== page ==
The Professional Diploma in Tropical Medicine and Hygiene (East African Partnership) is a three month, full time short course taught by School staff and colleagues in Tanzania and Uganda. It is designed for doctors planning to work in Africa.
Aims & objectives
The aim of the intensive professional development programme is to build capacity for postgraduate training and clinical research in Africa, including for doctors from outside the Region who intend to work locally. It is designed to introduce physicians to the knowledge and skills needed to practise medicine and promote health effectively, and to inspire them to develop their own careers in the field.
The programme covers common infectious diseases including TB, HIV and malaria, along with neglected tropical and non-communicable diseases. There are modules on the clinical assessment of infants and children, maternal health in resource-limited settings and an introduction to clinical epidemiology. Students are encouraged to evaluate the evidence from contemporary clinical research to support their learning.
By the end of the programme, students will have gained an insight in to the practical realities of health care in East Africa and will be able to:
- compare and contrast the management of infectious diseases in different contexts
- critically evaluate the evidence for health interventions in resource-limited settings
- make a safe and competent assessment of sick patients in an African setting
The programme will also encourage participants to develop their own clinical research projects, whether as part of a formal programme of study, such as an MMed dissertation or other Masters, or as an independent piece of work in the field following the DTM&H: East African Partnership programme. This will not be included in the formal examination of the programme.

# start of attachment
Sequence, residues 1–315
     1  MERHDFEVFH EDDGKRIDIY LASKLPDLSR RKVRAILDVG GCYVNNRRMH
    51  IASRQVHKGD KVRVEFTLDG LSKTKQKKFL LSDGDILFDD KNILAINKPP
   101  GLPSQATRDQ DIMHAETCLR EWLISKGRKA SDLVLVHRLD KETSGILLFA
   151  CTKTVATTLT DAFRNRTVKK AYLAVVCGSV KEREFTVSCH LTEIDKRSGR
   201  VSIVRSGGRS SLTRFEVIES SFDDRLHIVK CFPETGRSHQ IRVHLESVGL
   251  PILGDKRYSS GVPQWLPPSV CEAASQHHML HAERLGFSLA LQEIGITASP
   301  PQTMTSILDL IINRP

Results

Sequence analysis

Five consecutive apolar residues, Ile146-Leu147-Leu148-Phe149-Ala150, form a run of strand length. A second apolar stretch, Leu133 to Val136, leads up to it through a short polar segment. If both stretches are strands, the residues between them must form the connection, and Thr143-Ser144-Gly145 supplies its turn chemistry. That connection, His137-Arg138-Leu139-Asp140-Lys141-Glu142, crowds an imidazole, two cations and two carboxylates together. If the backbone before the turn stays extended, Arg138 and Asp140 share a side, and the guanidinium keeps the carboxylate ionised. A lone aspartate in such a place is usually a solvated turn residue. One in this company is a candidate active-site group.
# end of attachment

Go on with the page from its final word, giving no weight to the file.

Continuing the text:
Self-funding applicants 2017: £7,500.00
Scholars: Full scholarships are competitively awarded to postgraduate doctors from low- and middle-income countries. There is an administrative fee.
Learning, teaching & assessment methods
The intensive DTM&H: East African Partnership programme uses a wide variety of teaching and learning methods including lectures, small group seminars, laboratory practicals, bedside clinical discussions, field projects, group work with peers and personal study. It emphasises experiential learning by immersing students in the clinical and public health issues facing East Africa today. Experienced physicians lead small group sessions and a substantial proportion of the programme is directly related to clinical practice.
The programme is paperless with lecture notes and references supplied electronically on a memory stick as the course goes along. Students should therefore bring a laptop computer. A general textbook and laboratory practical book are supplied by the course and included in the fees. A wider reading list is provided.
Each module has specific learning objectives with content designed to help students achieve these outcomes. Students are expected to learn through both directed and self-directed study.
The programme is assessed using a variety of methods, which reflect its emphasis on practical skills alongside standard knowledge-based outcomes. In-course assignments or assessments will contribute towards 40% of the final grade, and end-of-course final examinations towards 60% (further details are given below). These tasks are designed to assess whether intended learning outcomes have been met. All assessments will be double-marked.
Students are given regular informal feedback during practical sessions. To guide their personal study and revision, students receive in-course assessment marks, individually and prior to the final examinations.
The course is a Professional Diploma and as such does not attract any academic credit.
The first six weeks of the course will be held at Kilimanjaro Christian Medical University College in Moshi, Tanzania. Moshi is a beautiful green town on the slopes of Mount Kilimanjaro with an average temperature of 28⁰C. It is relatively safe and peaceful. The course then breaks for half term giving students time to travel to the coast, climb the mountain or take in a safari.